Equation finds its way through

Maple Ridge author wins The Malahat Review’s 2016 Constance Rooke Creative Nonfiction award.

In The Equation

In The Equation

When Lynn Easton was put into a creative non-fiction class while attending the Simon Fraser University Writer’s Studio, she was disappointed at first.

“That’s too close to what I do,” the former newspaper editor and columnist thought about the genre, which requires writers to use techniques used in fictional stories, and poetry to tell a dramatic story about real people and events and facts.

But Easton embraced the genre and fell in love with it.

Now the Maple Ridge writer has won her first Literary prize, The Malahat Review’s 2016 Constance Rooke Creative Nonfiction award, which came with a $1,000 payout.

There were 180 entries in the annual competition.

Her entry was called The Equation, a personal look at her daughter’s life.

“It’s really about magic and science,” said Easton, explaining that her daughter embodies both.

The story begins when her daughter was about  seven years old and how she would attempt to make solar energy in her spare time.

“She would come in and put on these little swim goggles and she would get tinfoil and she would get our spaghetti tongs,” said Easton, who would watch her, amazed at how different she was to herself.

“She would come in and do this after she played. This was her work. I think she thought of it that way. And then she would go back out again.”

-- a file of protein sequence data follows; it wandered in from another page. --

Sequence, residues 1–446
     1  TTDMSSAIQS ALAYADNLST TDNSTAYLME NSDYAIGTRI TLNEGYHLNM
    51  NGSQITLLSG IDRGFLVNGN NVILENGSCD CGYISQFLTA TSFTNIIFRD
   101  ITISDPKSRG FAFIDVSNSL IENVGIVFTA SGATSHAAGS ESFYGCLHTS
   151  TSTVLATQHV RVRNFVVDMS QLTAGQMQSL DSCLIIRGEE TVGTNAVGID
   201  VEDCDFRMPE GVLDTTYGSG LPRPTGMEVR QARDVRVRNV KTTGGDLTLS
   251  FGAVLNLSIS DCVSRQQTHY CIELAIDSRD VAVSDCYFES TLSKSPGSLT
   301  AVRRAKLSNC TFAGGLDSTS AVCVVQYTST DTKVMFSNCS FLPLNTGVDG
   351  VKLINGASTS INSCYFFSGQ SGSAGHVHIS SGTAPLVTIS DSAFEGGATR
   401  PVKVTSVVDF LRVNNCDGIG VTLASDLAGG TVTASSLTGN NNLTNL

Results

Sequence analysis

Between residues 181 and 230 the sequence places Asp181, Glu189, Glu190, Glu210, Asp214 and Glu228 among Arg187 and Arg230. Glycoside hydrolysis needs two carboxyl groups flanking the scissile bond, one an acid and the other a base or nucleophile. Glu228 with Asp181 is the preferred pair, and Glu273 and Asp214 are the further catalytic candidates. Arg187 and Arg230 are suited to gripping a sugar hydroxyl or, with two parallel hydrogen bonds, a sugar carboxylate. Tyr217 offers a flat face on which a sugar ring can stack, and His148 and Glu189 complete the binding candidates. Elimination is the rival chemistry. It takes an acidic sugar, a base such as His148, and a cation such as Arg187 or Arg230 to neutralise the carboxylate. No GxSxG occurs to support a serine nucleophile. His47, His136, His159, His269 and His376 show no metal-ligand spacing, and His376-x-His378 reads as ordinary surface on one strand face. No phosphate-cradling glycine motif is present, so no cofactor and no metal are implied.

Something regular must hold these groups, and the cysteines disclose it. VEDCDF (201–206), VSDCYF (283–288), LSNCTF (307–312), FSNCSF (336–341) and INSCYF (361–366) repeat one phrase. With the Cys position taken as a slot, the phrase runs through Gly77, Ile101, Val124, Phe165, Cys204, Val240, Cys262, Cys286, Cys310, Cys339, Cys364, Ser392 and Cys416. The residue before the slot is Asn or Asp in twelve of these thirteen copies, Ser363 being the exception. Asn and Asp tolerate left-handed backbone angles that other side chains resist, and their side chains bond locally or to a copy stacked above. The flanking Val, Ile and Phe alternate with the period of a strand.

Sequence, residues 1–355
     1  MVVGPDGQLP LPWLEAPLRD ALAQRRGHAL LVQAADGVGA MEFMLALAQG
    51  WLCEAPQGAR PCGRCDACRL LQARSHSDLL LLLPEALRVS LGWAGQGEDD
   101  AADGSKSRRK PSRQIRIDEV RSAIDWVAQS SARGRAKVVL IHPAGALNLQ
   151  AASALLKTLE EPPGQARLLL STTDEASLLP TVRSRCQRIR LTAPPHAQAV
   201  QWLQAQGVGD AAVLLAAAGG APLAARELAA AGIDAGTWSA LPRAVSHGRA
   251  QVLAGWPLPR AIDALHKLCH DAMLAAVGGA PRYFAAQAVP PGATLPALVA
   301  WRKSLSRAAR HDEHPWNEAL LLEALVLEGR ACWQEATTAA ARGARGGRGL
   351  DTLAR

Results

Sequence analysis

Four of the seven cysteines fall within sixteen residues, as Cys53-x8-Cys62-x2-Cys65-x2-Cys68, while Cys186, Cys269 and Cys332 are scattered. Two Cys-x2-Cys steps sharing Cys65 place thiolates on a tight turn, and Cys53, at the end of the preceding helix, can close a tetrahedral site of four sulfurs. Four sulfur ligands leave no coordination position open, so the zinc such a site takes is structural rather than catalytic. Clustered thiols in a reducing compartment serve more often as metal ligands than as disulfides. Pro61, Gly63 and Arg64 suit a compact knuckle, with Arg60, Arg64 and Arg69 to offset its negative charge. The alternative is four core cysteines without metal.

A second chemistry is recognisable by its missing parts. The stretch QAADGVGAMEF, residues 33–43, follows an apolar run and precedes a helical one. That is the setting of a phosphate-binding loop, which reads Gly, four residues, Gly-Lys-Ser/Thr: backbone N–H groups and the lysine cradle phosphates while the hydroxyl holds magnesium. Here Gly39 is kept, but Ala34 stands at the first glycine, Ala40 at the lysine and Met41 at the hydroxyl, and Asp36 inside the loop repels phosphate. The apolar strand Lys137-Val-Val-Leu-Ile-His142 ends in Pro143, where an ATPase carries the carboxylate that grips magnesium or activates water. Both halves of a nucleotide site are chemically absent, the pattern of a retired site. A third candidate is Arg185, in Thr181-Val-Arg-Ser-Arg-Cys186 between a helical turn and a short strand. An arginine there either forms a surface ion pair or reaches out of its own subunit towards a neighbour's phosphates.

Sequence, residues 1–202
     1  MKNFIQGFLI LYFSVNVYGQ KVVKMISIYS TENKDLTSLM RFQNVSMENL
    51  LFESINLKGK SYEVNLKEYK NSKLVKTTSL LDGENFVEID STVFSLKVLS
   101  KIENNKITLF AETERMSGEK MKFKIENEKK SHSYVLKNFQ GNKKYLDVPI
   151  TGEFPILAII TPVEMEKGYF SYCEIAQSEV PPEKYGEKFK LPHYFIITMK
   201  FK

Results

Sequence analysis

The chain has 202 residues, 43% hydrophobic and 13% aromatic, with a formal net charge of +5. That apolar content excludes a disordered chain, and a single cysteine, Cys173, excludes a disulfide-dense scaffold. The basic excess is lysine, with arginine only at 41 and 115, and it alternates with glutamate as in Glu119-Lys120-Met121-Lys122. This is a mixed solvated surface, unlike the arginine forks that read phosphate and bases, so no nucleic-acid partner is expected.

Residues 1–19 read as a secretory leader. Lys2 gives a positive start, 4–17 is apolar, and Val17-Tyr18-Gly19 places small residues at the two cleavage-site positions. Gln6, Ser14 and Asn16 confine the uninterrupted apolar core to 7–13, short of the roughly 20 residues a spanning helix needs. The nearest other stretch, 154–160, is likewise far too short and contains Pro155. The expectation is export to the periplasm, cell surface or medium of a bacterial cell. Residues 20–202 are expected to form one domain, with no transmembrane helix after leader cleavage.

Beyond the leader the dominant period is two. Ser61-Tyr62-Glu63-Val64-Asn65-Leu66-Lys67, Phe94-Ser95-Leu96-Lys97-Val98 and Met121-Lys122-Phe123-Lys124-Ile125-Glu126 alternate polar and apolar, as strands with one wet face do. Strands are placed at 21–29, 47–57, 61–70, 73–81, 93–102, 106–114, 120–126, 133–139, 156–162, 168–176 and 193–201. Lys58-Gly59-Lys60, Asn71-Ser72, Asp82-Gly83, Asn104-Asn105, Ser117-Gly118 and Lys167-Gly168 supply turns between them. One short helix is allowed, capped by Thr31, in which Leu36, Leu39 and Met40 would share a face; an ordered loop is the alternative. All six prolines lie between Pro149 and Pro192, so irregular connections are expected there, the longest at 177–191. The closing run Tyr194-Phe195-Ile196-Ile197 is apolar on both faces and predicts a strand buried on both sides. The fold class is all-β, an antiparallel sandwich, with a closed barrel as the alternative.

Her daughter also had an invisible friend.

Easton follows her daughter’s story until she emerges as a young woman entering the male-dominated field of engineering, graduating from the University of Ottawa.

“[The story is] also about my fears of her becoming an engineer because I think young women, there’s very few [in the profession]. There was hardly any young women in her class,” said Easton.

“She just has always seen the world completely differently than I have,” she added.

Ultimately, there is an equation at the end of the story, one that her daughter believes is marvelous and is behind everything in the universe.

But a part of the equation is invisible, and for Easton this reminds her of daughter’s friend.

The Equation is one of 15 stories Easton wrote at the SFU workshop with instructors J.J. Lee and Wayde Compton.

Her stories are about feminism  and raising two girls in the current political climate.

They are also personal, one about her father and the passing of his brother, and another about a friend who passed away.

Part of the challenge of writing these stories is staying true to the narratives and also getting over the fear of writing the ones that were harder to write. Stories that she won’t publish until she has spoken to the people who are involved.

Easton loves telling stories in which the narratives follow the truth.

“You learn so much more if you just stick with the truth,” said Easton.

“Because something unveils itself that you didn’t know before.”

With The Equation, Easton hopes that despite all the fears and challenges in today’s world, especially for young women, that there is hope.

She has tried to figure the world out for her daughters and make sure they are okay.

But, “in the end they sort of, they find a way through it all,” said Easton.